I went to Vargas a few days later only to find out that they still hadn't received the BB guns. As a result, I ordered one from Amazon knowing that it would most likely not arrive here until early January. It's a long story as to why it takes two-to-three weeks to get items shipped from the States to Costa Rica.

My daughter, son-in-law and two grandsons (ages twenty-one and fifteen) spent Christmas in Las Vegas. They returned two days after the 25th to their home in Maryland. Dolores and I flew in the next day.

Gifts were exchanged that evening. We gave our grandsons what we knew they most wanted – cash. The oldest is a junior in college, the youngest a high school sophomore. They laughed throughout when their ancient grandparents gave their versions of the weapon of mass destruction.

The “kids” approached me the next afternoon and asked if I wanted to join them on a trip to Walmart. Off we went in my oldest grandson's pick-up truck.

Once in the store, I followed them up to the second floor and through a bevy of aisles until they found their target, a locked glass case containing both BB and pellet guns. They examined the merchandise for ten minutes or so before flagging down an employee who opened the case and pulled out an elongated box with a Barra 1866 CO2 Air Rifle (BB gun) in it.

I couldn't resist as I pulled my cellphone out of a pocket and took a few photos of them each holding one end of the box. Off went one of the photos to Dolores. Zap!

Needless to say, she was not overjoyed when we returned to the house with the Barra 1866. After unpacking the new weapon of mass destruction, off the three of us went to the backyard where we took turns blowing holes though an empty gallon plastic container.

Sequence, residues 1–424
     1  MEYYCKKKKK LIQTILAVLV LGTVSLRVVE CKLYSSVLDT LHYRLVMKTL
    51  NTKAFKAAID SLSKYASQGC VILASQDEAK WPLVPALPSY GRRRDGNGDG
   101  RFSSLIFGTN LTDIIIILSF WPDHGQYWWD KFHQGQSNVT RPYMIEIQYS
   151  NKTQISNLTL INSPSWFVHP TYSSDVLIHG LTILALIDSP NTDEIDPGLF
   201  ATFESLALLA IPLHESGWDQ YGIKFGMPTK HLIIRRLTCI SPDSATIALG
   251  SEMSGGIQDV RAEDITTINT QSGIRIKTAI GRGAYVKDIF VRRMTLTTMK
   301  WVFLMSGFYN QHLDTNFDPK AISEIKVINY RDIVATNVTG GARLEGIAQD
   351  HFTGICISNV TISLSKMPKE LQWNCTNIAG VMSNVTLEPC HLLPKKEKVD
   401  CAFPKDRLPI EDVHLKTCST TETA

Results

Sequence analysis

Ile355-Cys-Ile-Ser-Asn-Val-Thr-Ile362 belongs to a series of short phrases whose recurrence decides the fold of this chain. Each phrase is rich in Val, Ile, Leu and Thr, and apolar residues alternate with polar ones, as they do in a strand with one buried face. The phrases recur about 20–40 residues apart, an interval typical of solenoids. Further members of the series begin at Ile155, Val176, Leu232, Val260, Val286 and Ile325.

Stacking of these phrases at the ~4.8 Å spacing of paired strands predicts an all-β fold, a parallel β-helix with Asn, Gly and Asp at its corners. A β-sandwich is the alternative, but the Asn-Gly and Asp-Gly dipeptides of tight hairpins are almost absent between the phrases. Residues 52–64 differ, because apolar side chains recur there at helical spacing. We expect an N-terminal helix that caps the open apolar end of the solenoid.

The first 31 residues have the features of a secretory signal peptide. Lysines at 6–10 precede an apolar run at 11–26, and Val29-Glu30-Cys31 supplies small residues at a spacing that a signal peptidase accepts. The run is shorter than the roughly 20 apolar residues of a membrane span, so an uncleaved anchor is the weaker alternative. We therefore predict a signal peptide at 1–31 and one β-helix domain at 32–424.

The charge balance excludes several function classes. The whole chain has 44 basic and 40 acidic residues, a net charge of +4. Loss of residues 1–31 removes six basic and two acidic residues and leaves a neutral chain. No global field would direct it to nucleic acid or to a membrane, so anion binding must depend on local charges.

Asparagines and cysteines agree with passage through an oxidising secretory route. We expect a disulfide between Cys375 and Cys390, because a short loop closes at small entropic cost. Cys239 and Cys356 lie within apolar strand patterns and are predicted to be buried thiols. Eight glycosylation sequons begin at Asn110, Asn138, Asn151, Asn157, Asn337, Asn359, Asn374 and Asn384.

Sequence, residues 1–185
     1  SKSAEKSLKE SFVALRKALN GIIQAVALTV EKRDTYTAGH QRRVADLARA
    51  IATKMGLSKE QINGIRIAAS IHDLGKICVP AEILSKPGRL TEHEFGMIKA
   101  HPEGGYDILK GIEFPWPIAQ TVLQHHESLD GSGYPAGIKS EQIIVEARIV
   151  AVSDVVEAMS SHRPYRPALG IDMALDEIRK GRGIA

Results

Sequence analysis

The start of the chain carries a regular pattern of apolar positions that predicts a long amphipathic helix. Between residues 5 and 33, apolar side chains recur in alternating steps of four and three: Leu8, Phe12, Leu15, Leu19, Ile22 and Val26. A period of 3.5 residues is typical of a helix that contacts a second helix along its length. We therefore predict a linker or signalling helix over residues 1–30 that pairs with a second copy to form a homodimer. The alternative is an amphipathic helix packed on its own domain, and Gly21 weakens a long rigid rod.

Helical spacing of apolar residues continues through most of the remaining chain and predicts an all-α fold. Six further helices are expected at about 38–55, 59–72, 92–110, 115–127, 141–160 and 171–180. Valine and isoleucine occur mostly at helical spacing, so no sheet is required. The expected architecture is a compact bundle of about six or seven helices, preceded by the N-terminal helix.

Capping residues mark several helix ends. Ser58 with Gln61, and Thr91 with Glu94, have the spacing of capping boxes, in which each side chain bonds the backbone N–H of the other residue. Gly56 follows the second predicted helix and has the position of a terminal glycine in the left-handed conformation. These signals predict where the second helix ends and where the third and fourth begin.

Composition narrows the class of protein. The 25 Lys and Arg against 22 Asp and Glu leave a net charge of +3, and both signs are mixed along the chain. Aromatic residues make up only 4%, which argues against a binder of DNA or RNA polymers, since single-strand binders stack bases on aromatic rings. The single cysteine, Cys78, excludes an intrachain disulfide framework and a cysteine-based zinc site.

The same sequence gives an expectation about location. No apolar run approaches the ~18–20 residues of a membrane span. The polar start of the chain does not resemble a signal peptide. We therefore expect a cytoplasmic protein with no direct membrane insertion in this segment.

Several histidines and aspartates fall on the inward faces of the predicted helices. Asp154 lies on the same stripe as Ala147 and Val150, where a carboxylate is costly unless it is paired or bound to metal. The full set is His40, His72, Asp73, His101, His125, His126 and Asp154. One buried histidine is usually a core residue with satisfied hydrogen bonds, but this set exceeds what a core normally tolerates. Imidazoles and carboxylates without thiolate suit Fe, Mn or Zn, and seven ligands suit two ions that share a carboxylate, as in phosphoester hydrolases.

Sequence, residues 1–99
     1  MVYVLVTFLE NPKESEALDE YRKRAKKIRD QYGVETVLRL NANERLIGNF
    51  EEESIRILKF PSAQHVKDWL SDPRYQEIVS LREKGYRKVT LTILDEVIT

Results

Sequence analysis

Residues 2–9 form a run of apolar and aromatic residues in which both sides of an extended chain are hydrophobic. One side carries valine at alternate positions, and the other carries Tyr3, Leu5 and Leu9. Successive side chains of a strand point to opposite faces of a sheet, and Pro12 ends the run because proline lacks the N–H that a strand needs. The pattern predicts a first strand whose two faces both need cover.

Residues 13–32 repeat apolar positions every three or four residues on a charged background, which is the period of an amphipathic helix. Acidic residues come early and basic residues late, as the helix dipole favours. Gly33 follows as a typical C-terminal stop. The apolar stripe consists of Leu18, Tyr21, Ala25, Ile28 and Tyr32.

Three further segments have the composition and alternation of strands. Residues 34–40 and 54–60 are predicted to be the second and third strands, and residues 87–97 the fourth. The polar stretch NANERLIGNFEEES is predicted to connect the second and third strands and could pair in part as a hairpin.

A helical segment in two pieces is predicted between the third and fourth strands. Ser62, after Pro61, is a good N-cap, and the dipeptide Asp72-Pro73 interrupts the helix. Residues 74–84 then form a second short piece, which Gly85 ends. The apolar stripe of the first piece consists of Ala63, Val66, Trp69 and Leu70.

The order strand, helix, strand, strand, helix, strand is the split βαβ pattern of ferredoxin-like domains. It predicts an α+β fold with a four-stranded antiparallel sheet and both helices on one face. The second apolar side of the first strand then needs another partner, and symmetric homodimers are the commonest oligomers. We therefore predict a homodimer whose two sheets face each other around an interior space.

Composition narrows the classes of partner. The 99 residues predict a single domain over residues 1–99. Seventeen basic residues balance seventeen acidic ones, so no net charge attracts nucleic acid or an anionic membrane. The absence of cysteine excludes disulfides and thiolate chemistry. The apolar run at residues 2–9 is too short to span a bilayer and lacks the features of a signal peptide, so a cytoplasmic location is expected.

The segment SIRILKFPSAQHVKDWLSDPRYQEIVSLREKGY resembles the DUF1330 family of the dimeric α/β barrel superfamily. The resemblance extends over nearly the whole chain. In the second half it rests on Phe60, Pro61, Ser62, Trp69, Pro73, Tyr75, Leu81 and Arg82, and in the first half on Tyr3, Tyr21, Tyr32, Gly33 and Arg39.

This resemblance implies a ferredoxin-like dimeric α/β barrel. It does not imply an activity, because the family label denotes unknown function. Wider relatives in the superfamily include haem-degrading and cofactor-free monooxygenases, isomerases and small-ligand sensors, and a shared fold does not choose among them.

Decades earlier in college, my closest friends nicknamed me “The Drewn.” On occasions when I did something right, I would hear “Score one for The Drewn.” It was a “Score one for The Drewn” afternoon.

My BB gun arrived ten days into January. With it were a packet containing about a hundred BBs, two CO2 cartridges, four pages of microscopic directions and a pair of plastic glasses to protect eyes from ricocheting BBs.

Called to mind by the glasses was the classic 1983 film, A Christmas Story, specifically the “You'll shoot your eye out” scene. For those not familiar with the movie, there are several YouTube clips centered on a BB gun worth the watch.

“Directions? Who needs them?” I pulled the cover away from the handle and as I suspected, there was a slot for a CO2 cartridge. After loosening a plastic screw at the base, I inserted one of the cartridges and began tightening the screw only to jump about a foot in the air when a loud hissing sound accompanied the release of some CO2 from the cartridge.